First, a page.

CEES launches ADAPT project

CEES Makerere ADAPT project launch group photo

The government has been called upon to integrate the 21st century skills into the curriculum and assessment of learners at all levels of education. The call was made during the launch of the “Adapting assessment into policy and learning (ADAPT); Adolescent 21st Century skills Project on Feb. 17, 2022 at Makerere University. 

The Principal of CEES and also principal Investigator, Makerere University, Prof. Anthony Muwagga Mugagga said learners should be able to identify and solve problems, be critical and should be able to use new technologies to innovate solutions to society challenges. Prof. Mugagga said assessment has been challenging to teachers, parents and the children. To this end, the project, he said will see how assessment can be blended with the 21st century skills.  

This mode of assessment was welcomed by Mr George Mutekanga, the Commissioner for Private School, who represented the Permanent Secretary at the launch of the project. 

Mr Mutekanga said “A child should be assessed based on competence, critical thinking, communication skills, creativity and Innovation.” 

He said it is important to ask what one can do rather than how many academic papers they have. Skills like communication, critical thinking, creativity, decision making are important in the development of learners. He called on the researchers to engage all the relevant education agencies such as UNEB, UBTEB, Nurses Council and other examining bodies. 

There is a growing need for a strategic and explicit focus on contextually appropriate 21st century skills within education programs and school curriculum that draws from the lives of the young people. To this end, a team of researchers from Uganda, Kenya and Tanzania have set out to carry out research on “Adapting assessment into policy and learning (ADAPT)”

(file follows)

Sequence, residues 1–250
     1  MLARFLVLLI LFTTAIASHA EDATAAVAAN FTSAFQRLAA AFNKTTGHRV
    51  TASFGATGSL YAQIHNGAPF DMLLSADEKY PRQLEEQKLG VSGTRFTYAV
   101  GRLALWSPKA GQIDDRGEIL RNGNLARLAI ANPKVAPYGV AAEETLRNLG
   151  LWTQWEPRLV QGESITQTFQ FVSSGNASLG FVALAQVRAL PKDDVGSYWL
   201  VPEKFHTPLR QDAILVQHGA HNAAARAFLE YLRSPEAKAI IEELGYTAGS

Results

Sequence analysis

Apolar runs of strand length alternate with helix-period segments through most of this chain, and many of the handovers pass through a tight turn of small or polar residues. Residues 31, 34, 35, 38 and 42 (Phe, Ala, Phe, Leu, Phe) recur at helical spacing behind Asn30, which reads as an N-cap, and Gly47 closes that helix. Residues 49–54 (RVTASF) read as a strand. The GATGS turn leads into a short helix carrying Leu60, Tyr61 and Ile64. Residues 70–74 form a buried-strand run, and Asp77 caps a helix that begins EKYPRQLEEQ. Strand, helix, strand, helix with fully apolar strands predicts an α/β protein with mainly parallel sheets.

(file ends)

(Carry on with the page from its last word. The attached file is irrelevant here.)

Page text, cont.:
While giving the rational for the project, Mr Samuel Otieno, from the Global e-schools and Communities Initiative, one of the research partners said there is limited evidence on how to incorporate 21st century skills in sub-Saharan Africa. There is also confusion on how to measure them and define them as well as the inadequate capacity of teachers, civil society and ministry officials to effectively and reliably use the available assessment data to make evidence based decisions. 

Mr Otieno called on the public to get engaged in the project by sharing their experiences in utilization of learning assessments. 

Dr. David Kabugo, the Director for Centre for Teaching and Learning Support called on the government to ensure access to education for all children. He said children in the rural areas do not have access to pre-primary education, while the schools in the urban areas are expensive. “School fees rates are high and learners are taught by unskilled teachers. Government should ensure that each primary school has a nursery class because this stage is critical in the learning outcomes of children,” Dr. Kabugo said. 

The participants also discussed whether the current education system fits its purpose. Dr. Mary Goretti Nakabugo of Uwezo shared her research finding which revealed that the education system does not met its purpose because it disadvantages many learners. She shared that the pandemic has greatly affected learners with many being unable to read English even at the age of 10 years. Research shows that 74% of children aged 10 years have been set-back by 2 years. She also observed that because the curriculum is ahead of the children, many are left behind and there are low literacy competences across the country.

The research showed that even at graduate level, students lack employable skills, technical stills, communication skills, writing skill while the teachers also have no mastery of the curriculum.

The ADAPT project seeks to build capacity of a dynamic learning community to integrate and assess 21st century skills and support utilization of learning assessment at the school and national levels. The project also intends to mobilise policy uptake on the utilization of learning assessments in the education plans, curriculum frameworks and teacher development. 

The project will be implemented by a consortium of institutions which include the Global e-schools and Communities Initiative (GESCI), Makerere University College of Education and External Studies and the University of Notre Dame’s Global Centre for Development of the Whole Child.  

Story by Betty Kyakuwa 

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